Last Updated February 20th, 2019
Brucellosis is a disease that is humans acquire through contact with animals such as cattle, sheep, pigs, and camels that may be carrying the pathogen. In some rare instances, it can pass from one human to another.
This disease can be contracted in a number of ways, primarily by contact with infected animals or their blood, body fluids or tissues. Therefore, slaughterhouse workers, farm workers, veterinarians, livestock breeders and others who regularly handle domestic animals are particularly vulnerable. Laboratory workers must take care to protect themselves while dealing with infected specimens since the pathogen can also spread via the airborne route. Consuming unpasteurized milk and raw or insufficiently cooked meats can also lead to this disease.
Vaccines have been successful in controlling the spread of brucellosis among animals in countries such as the USA, bringing down the incidence of this disease. However, it still remains a major public health concern in parts of Asia, the Mediterranean, Middle East and Latin America. Fatality is rare, but it can occur in the absence of proper treatment.
What Is Brucellosis?
Brucellosis is an infectious bacterial disease that develops in animals such as cattle, sheep, goats, and camels from where it can spread to humans.
Although this is less common, brucellosis can also be acquired from marine animals carrying the pathogen. It can take anywhere from one week to three months for an infected individual to begin to display symptoms.
Its onset is normally marked by fever and related symptoms and it may progress into a debilitating disease if allowed to spread to the nervous or respiratory systems.
What Are The Possible Modes of Transmission?
The pathogen responsible for this disease among humans is a bacterium belonging to the genus Brucella. The species normally implicated are Brucella melitensis, B. suis and B. abortus among others. The first of these is the most virulent as far as humans are concerned. The mechanisms through which these disease-causing bacteria come into contact with and infect humans are as follows:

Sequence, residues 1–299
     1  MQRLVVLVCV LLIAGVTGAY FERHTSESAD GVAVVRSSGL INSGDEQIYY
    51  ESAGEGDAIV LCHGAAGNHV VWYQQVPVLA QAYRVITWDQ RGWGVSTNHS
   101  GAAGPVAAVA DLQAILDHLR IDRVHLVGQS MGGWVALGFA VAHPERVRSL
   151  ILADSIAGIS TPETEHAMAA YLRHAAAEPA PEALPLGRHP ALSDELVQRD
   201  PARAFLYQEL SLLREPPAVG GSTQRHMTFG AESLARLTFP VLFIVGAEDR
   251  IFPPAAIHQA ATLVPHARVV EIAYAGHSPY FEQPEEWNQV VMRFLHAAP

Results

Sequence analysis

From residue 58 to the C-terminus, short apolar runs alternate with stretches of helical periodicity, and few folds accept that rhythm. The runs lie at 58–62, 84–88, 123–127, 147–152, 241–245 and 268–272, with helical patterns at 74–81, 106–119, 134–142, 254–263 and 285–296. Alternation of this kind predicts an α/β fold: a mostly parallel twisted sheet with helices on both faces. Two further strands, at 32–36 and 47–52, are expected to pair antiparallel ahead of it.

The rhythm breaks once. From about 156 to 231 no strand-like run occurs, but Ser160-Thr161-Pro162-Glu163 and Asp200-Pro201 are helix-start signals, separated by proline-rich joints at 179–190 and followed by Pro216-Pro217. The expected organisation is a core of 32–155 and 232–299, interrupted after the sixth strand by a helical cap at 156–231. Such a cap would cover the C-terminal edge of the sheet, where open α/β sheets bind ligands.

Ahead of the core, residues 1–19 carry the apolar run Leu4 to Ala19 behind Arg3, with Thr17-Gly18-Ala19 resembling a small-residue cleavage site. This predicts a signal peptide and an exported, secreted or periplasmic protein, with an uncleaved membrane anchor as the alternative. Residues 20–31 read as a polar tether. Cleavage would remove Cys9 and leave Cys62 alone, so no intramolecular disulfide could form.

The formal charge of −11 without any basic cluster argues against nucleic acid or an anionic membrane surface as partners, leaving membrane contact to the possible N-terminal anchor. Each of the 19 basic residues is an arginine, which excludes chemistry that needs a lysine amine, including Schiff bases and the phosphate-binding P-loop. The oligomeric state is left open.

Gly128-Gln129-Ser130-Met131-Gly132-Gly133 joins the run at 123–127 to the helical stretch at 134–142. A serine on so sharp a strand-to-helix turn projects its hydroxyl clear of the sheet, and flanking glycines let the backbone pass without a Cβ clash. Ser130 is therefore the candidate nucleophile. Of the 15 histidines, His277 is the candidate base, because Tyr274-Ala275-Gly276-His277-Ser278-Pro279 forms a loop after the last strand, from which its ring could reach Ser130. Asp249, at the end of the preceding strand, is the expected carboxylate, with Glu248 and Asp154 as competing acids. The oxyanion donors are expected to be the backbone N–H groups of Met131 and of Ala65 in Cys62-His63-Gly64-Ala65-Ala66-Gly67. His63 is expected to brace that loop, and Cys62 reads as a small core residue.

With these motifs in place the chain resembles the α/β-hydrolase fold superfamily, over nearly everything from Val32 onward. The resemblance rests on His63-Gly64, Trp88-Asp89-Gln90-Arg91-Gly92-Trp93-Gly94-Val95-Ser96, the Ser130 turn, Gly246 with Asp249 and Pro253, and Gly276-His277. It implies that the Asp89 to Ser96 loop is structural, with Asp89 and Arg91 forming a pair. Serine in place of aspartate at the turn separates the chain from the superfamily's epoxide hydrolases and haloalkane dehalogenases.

- Contact with infected animals or their body fluids or tissues. The pathogen can enter the human body through cuts or abrasion in the skin and through the mucous membranes.
- Consuming unpasteurized dairy products or contaminated meats.
- The infection can also be acquired through airborne bacteria in places such as abattoirs and medical laboratories.
- A pregnant woman infected with the disease can pass it on to her fetus. The mother can also transmit the pathogen to her infant through breastfeeding.
- Sexual contact is another potential pathway through which brucellosis can pass from one human to another.
- The infection can also be acquired via bone marrow transplantation or blood transfusion although this is very rare.
What Symptoms Does It Cause?
Brucellosis is sometimes asymptomatic or it might present only with fever. Other indications may also appear but these are not usually specific enough to immediately suggest brucellosis.
This disease can affect the respiratory, nervous and digestive symptoms and also affect the skin and eyes. In fact, it can potentially affect any organ or organ system, with the result that a wide variety of clinical manifestations are possible. The severity of the symptoms varies depending on which particular strain of Brucella is responsible for the infection. The typical signs are as follows:
- Fever which may be continuous or intermittent, lasting for variable lengths of time.
- Profuse sweating at night.
- Loss of appetite and weight loss.
- A headache.
- Joint and back pain.
- Abdominal pain.
Other less common symptoms are:
- Pale appearance.
- Pain in the testicles.
- Bleeding from the vagina.
- Swelling of lymphatic organs such as the spleen and lymph nodes.
- Blurred vision.
What Are The Potential Complications?
Brucellosis can affect any organ in the body. Accordingly, a variety of symptoms and complications can manifest. The disease can last for months and chronic brucellosis is the name given to those instances where it has persisted for up to one year. Following treatment, it is not uncommon for a patient to relapse or get re-infected. Sometimes, surgical intervention may also be necessary.